Cited by the Board for Too Much Condo Noise


T.M. from New Haven County writes:

Dear Mister Condo,

I am being fined every week for noise violations of “running, dropping, dragging, banging, stomping, screaming” between the hours of 7:40 am – 8:30 pm. I have a two year-old son who does run, jump, and occasionally scream but this is just normal behavior for a child. Just to let you know the quality of the condo, a person walking in slippers above can be heard. I take my shoes off in the condo and provide a sponge play mat for my son but I can’t think of anything else to do. I think they should invest in a sound proof ceiling. Thanks for your help, I have a hearing shortly.

Mister Condo replies:

T.M., neighbor versus neighbor noise complaints can be particularly difficult for any Board to moderate. The nature of having upstairs, downstairs neighbors creates ample opportunity for each to claim too much noise from each other. The Board cannot fine you for simply “running, dropping, dragging, banging, stomping, screaming” but they can enforce any noise or peaceable enjoyment rules as defined in your condominium governing documents. By your own account, you are aware of the noise and are doing all that can be reasonably done to mitigate the noise. That may be all that is called for in your by-laws or they may state a specific decibel level that is acceptable. Since you mentioned specific hours, I have to assume your documents do speak to hours of required minimal noise although I am surprised that they are daytime hours. Most residents demand quiet in the evening and overnight hours so they can get some sleep. Regardless, once you have read and understand the rights of your neighbor and yourself, you are in a far better position to defend yourself against the noise violation.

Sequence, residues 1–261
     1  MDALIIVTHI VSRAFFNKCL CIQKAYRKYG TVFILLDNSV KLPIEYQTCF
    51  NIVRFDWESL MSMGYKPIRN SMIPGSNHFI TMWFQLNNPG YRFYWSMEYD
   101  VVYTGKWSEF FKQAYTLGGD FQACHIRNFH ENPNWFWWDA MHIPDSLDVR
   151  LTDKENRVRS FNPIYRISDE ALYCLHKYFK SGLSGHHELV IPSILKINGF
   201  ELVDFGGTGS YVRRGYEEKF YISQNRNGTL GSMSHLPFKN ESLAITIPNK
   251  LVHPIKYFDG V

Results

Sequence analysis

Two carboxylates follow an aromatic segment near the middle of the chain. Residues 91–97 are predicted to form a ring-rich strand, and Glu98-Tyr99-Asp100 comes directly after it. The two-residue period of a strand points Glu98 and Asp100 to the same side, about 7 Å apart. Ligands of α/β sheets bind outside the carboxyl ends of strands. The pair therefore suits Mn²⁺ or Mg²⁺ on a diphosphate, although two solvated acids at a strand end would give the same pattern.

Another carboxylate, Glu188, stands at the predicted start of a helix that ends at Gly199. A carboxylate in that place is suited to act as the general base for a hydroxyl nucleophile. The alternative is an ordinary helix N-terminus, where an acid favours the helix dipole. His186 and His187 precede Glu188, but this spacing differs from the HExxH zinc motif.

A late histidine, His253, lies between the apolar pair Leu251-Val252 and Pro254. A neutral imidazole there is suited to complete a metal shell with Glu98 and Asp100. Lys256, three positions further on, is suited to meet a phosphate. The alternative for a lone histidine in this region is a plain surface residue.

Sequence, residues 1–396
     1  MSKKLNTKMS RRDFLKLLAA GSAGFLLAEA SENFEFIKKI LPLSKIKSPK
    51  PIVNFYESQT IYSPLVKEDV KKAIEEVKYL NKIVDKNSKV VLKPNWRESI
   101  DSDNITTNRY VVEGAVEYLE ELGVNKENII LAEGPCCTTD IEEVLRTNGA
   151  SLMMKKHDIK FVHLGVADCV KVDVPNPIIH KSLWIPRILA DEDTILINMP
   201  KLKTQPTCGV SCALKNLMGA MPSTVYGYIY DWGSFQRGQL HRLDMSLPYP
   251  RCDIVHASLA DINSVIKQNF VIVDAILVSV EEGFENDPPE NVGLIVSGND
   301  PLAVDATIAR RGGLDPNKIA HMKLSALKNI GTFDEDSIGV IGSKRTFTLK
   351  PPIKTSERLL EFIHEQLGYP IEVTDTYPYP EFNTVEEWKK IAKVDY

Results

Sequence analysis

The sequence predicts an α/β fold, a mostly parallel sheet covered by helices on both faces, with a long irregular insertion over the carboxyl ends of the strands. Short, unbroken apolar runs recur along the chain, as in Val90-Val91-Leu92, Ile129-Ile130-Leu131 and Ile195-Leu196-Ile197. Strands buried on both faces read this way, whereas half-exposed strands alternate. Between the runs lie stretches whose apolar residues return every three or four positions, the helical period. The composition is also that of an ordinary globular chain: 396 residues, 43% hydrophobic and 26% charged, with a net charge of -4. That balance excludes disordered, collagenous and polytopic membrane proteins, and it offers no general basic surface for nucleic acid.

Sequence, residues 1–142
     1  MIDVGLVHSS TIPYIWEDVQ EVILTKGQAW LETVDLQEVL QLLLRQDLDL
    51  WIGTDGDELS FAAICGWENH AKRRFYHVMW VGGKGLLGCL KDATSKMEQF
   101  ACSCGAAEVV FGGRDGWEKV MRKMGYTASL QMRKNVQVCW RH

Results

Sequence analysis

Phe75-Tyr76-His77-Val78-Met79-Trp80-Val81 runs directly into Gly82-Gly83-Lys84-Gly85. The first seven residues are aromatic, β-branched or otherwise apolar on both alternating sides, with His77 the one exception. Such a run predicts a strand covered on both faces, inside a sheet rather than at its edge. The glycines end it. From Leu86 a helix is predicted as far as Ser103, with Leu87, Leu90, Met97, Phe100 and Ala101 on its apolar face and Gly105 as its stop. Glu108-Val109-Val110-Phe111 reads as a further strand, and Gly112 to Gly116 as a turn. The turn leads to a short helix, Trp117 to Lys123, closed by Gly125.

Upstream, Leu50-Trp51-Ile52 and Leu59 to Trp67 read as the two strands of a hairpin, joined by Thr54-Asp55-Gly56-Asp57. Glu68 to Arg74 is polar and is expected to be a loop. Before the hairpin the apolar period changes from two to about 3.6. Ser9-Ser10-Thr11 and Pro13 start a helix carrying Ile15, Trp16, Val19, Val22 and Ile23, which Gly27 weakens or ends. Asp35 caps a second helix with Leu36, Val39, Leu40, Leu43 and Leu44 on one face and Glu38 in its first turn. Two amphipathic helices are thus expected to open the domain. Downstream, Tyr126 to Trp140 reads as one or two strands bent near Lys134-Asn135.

It is entirely possible that additional sound deadening measures need to be taken and you could propose that the Board consider allowing you or your neighbor to install such noise insulation. However, the Board may require that you pay for the work, as it is an improvement to your unit – even though it is for your neighbor’s benefit. Of course, if the floors are already carpeted with heavy padding, there may be little else to do. Without knowing the specifics of your condo’s noise rules, there is really little else I can offer at this time. Keep in mind that your Board needs to be consistent in their approach to handling this problem. They cannot single you out for having a child or any other reason. If that happens, contact an attorney who will likely suggest suing them for discrimination. You may also wish to consult with an attorney to review your rights with regards to how much noise you are allowed to make and the hours where such noise is permissible. I wish you good luck at your hearing and resolving this issue.

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